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This question already has an answer here:

I came across this case today, both of top voted answers [1], [2] are essentially the same. Given the timestamp I consider that the duplication is unintentional. IMHO, even if the difference is up to couple of minutes, the duplication can be interpreted as unintentional.

I think that the second (or the first) answer just adds, unwanted noise (for sure it does not add any additional value), since due to upvotes it may hide a good alternative. It is well know that not all users scroll at the bottom of the page.

I have seen this 'phenomenon' a couple of times, mostly in trivial questions, but I think the occurrences are much more.

So is there (searched I did not find anything) an 'Official' way to handle this e.g. Flag for moderator intervention? or should I leave it be?

Just out of curiosity, if already moderators handling these cases, what is the process behind, e.g. keep top-voted or accepted answer and delete its duplicates.

marked as duplicate by gnat, Dave, Stephen Rauch, Robert Longson, Arun Vinoth yesterday

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    How would you propose that we handle it? Whose answer do you think we should delete? Shall we just flip a coin? – Cody Gray Aug 23 '16 at 9:05
  • Every possible solution I am thinking, it may be considered as unfair for one of the users. The best that I can come up, is some 'function' that involves 'votes' and accepted. Meaning, is there is an accepted keep it and delete the rest, if not keep the the one with the most votes. But still I can not say that this is solid. – Athafoud Aug 23 '16 at 9:09
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    Why do we need to do anything about it at all? – Robert Longson Aug 23 '16 at 9:25
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    @RobertLongson The 'why' is in my second paragraph. But generally, if we should care or not is a part of my question – Athafoud Aug 23 '16 at 9:36
  • My question was rhetorical. – Robert Longson Aug 23 '16 at 9:37
  • @RobertLongson, apologies, I missed that :) – Athafoud Aug 23 '16 at 9:39
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With the very specific type of technical Q&A we expect on Stack Overflow, answers are bound to often be very similar.

We've traditionally encouraged people to ignore the fact that there's similar answers already present, and contribute anyway (as long as it's not plagiarism).

One of the reasons is that the presence of multiple answers with subtle differences in wording or structure can be a net plus. Different contributors' ways of putting things may help different groups of people understand the issue.

There's nothing that needs doing here. If a reader can't be bothered to at least skim all the more highly voted answers, it's their loss.

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Warning: generalization ahead.

I sometimes envision a certain group of answerers as "trained monkeys". They sit behind their dual-screen setup with Stack Overflow on one, and their LinqPad/[DotNet|JS|SQL]Fiddle/RegexBuddy on their other monitor. They religiously F5 the frontpage, filtered on their favorite tags, and open any question whose title seems even remotely answerable. This group isn't small.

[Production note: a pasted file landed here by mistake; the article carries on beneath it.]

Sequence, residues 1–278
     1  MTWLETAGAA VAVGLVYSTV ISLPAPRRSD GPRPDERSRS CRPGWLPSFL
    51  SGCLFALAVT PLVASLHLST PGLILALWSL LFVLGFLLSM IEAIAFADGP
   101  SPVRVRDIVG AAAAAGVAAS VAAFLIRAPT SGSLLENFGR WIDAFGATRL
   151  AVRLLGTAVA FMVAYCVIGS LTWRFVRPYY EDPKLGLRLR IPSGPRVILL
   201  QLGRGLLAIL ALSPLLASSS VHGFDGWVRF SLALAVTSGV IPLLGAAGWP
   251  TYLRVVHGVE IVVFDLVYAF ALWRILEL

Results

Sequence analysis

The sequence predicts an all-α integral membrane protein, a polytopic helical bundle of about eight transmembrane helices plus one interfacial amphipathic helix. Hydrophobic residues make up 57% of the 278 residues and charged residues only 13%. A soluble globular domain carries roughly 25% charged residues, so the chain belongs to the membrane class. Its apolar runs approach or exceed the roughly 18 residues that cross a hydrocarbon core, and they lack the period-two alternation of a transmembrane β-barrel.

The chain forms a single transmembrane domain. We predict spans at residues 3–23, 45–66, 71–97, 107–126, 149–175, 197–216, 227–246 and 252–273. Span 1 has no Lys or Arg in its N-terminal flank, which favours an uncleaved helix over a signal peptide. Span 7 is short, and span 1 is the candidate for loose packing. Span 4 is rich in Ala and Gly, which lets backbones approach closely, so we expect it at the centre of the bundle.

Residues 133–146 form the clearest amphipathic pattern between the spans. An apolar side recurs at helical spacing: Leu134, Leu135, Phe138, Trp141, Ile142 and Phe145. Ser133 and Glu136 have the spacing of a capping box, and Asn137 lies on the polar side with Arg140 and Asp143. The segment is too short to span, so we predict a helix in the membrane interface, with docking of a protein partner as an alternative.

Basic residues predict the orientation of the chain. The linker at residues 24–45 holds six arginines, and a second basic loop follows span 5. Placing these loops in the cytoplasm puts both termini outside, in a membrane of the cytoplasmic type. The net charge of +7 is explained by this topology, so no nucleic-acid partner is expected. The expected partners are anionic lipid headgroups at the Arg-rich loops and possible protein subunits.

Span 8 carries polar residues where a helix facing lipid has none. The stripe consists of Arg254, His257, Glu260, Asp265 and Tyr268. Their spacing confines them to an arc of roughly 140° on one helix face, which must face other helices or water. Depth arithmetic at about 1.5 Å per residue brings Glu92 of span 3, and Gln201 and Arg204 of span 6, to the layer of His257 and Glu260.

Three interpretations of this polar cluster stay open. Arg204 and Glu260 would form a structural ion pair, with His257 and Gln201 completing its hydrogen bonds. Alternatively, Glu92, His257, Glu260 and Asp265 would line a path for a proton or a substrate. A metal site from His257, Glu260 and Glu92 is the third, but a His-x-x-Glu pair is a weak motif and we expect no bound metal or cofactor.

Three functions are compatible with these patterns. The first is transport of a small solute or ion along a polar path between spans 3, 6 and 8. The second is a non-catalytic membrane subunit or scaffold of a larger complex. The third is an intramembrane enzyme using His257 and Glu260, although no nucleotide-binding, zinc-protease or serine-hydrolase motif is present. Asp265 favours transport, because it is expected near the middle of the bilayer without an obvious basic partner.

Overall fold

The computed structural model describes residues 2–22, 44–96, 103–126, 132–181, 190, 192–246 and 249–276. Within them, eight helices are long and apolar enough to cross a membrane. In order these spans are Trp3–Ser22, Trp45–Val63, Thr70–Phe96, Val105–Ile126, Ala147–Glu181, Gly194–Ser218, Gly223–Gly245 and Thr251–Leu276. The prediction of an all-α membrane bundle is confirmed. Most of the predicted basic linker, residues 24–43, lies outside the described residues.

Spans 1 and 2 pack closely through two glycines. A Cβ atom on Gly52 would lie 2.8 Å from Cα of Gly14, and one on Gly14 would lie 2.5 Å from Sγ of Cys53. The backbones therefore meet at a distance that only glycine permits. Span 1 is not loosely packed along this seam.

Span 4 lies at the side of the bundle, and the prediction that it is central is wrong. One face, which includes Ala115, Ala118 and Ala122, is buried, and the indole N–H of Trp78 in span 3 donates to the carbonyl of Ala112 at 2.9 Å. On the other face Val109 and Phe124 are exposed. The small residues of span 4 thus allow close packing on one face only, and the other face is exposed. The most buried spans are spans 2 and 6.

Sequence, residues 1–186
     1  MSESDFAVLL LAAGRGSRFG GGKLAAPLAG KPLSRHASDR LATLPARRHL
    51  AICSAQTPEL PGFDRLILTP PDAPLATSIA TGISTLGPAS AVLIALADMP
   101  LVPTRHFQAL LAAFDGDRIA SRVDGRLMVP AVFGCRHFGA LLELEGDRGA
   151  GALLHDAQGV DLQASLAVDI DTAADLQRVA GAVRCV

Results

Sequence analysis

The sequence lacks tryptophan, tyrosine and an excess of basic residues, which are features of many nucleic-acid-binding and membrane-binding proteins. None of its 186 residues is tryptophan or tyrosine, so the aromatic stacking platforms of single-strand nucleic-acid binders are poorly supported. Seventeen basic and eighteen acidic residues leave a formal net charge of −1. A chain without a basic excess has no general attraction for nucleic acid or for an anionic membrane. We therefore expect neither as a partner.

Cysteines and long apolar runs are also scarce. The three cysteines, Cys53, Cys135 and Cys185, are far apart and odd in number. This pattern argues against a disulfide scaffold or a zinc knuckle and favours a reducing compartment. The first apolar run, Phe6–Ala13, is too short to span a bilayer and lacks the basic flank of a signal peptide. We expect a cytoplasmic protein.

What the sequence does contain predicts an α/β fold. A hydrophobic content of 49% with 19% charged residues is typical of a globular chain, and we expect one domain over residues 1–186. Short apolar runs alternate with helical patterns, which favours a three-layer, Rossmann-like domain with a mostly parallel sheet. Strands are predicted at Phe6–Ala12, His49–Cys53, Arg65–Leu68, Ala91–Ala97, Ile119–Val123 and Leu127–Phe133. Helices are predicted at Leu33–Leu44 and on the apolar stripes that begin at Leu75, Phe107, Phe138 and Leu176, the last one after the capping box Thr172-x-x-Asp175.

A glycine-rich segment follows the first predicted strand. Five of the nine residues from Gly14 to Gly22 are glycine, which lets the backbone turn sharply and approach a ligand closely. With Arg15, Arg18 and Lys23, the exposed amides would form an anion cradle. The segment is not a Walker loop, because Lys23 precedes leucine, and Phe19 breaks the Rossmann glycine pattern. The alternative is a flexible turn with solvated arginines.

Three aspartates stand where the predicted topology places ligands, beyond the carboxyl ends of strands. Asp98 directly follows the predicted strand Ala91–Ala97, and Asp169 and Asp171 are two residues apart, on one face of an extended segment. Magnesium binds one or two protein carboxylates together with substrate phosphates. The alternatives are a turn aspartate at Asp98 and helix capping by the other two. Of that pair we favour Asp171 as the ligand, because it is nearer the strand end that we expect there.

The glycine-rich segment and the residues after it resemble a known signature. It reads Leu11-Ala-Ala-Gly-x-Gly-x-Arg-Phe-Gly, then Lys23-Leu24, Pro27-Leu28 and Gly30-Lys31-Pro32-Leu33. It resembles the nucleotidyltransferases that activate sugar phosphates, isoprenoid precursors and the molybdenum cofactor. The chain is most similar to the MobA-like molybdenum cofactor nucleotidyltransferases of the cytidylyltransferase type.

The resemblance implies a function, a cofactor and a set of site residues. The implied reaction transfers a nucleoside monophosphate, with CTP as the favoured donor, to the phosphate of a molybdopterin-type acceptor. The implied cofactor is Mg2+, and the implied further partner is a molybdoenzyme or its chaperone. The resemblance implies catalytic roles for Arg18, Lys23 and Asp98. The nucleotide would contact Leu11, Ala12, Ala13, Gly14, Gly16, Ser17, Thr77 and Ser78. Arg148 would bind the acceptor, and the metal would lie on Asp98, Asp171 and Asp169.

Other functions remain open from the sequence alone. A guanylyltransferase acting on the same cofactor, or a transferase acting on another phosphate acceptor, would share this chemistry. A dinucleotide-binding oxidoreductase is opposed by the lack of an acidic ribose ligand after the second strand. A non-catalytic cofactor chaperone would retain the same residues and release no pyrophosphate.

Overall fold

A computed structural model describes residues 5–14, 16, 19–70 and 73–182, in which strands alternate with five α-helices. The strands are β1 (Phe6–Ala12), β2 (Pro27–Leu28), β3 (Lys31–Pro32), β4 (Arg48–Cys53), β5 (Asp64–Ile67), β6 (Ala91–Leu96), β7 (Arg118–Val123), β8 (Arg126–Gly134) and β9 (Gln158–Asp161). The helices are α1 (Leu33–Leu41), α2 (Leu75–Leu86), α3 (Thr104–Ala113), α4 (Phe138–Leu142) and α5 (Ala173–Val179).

So along with the age-old "ASCII stupid question, get a stupid ANSI", when you ask a trivial question, these hordes of users go and type more or less the same answers at the same time. No explanation given, no drawbacks mentioned, just code and "try this".

Apart from the rep game, it's a byproduct of not wanting to close questions that ask three things at the same time as "too broad", and not wanting to close questions as duplicates because the variable names are different or whatever. Back in the day (you're linking to a four-year-old question) this was fine, because the question was in fact unique, but nowadays it still happens - and even more than before.

It's just that some users see no problem in having their answer out there which states exactly the same as existing answers, and there isn't one - for reasons others have explained here already.

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    We refer to this trained group of monkeys as FGITWers. Instead of bananas, they were trained with reputation points. Which don't taste nearly as good, nor have any actual value, making it a fascinating social experiment. – Cody Gray Aug 23 '16 at 12:14
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I don't think we need to handle those. The answers are not plagiarizing from each other or an outside source (as far as we can tell), and for many simple questions involving code its entirely reasonable to believe that 2 people independently come up with exactly the same solution.

There is no need to do anything here.

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One thing is for sure: you do not flag for moderator intervention. That is for cases where the community can't handle it but a moderator can; they're not juries and judges so they can't make the call in these cases either - and as you say, there isn't even any kind of wrongdoing to moderate, just a bit of concurrent activity.

If this situation happens however, then I think it is worthwhile to check out the question itself. If equal answers come so easily in the same time frame then they may be fastest gun answers to a beginner question which are likely a duplicate.

Other than that: move along.

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